Voices Changing Communities



Local heroes are hard to find, especially a heroine that you do not call Mom. But Winston-Salem has benefitted from a local heroine named Patricia Norris. “Hero” is not a title that Chief Norris would claim for herself, but it fits her well. She recently retired as Chief of Police at Winston-Salem State University after almost 11 years, and before that, served as the Chief of Police for the City of Winston-Salem, the first African American to hold that honor.  After 42 years of service in her hometown, her accolades are numerous, but her love of community is even more impressive.

Her strong, steady voice continued to practice community policing with an emphasis on “meeting people where they are.” This approach decreased crime rates in pockets of the city where increasing crime called attention to the need to listen to people and their reasons for problem behavior. This approach gave them a voice, and police listened. As a young girl growing up in Winston-Salem, Norris listened to her grandparents when they gave her “The Talk.”

“The Talk” for Norris, one of the first to integrate into the once all-white Wiley Middle School from Paisley, the “Black” middle school, urged her to work harder and be better than the white students, not just because she wanted to do well academically, but because she had to prove that a black student could perform as well as her white peers. “Once the white students talked to us, they figured out that we were just like them,’ Norris recalled from that time.  “The Talk” was probably quite different for the white students. Changing schools did not present an obstacle for her.

After graduating from RJR High School, she enrolled at Winston-Salem State University.

She completed two years of college and then decided to become a police officer instead of a nurse.  At that time, all rookies had to complete public safety training, which consisted of police and fire training.  The fire department, many of whom were males, doubted the ability of a female to complete the training.

Norris, and four other women in her rookie class, graduated despite the physical hardships. Her ability to build relationships, starting in rookie training, helped her in every role in the police department, and served the students at WSSU well when they needed a hug from “Mom” and words of encouragement (with some grandmotherly advice mixed in). During her four years as the Winston-Salem Chief of Police, she mentored several female officers and made it a point to listen.  She learned the first and last name and personal details of every one of the 600+ employees under her watch.  Her voice as Chief of Police called for transparent, compassionate, and community-centered service.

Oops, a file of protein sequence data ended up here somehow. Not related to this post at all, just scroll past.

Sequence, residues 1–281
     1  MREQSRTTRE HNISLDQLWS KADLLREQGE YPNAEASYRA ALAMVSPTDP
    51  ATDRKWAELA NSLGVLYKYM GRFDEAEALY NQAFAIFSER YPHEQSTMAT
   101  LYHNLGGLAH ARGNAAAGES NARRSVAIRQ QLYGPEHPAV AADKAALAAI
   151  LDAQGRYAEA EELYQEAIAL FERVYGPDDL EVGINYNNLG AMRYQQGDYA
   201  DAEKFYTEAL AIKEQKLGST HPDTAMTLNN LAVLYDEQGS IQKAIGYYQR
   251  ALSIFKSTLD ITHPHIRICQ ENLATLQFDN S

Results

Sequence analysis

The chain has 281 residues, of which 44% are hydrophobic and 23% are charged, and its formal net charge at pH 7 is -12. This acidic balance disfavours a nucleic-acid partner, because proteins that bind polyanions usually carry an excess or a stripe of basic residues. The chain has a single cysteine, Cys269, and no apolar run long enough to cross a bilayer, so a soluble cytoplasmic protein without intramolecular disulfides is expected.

Our community is currently navigating through the changes that must occur for every citizen to thrive in what can grow into a more equitable and inclusive place to live. Listening to the steady voice of Chief Norris can go a long way towards helping us understand each other and find that equal playing field.  Her grandmotherly advice for our community would be to, “Listen and meet people where they are. To do that, we should recognize that we are all human and make mistakes and that we all come to the table with different resources.”  As a community, she urges us to action by seeking ways to build each other up and solve the disparity in resources.  She recognizes the need for better public transportation as one way to help narrow the resource gap, and she urges the public to seek education on how the justice system works.

One of the most significant problems in the criminal justice system, in Norris’ opinion, is the disparity in outcomes when someone charged with a crime lacks the resources to secure an attorney on their own and lacks knowledge of the criminal justice system. These outcomes can be just as impactful as the lack of funds for medical care or proper nutrition.  Her voice and message are clear.  “Listen and care about your community.”  Listening to her voice has changed our community!


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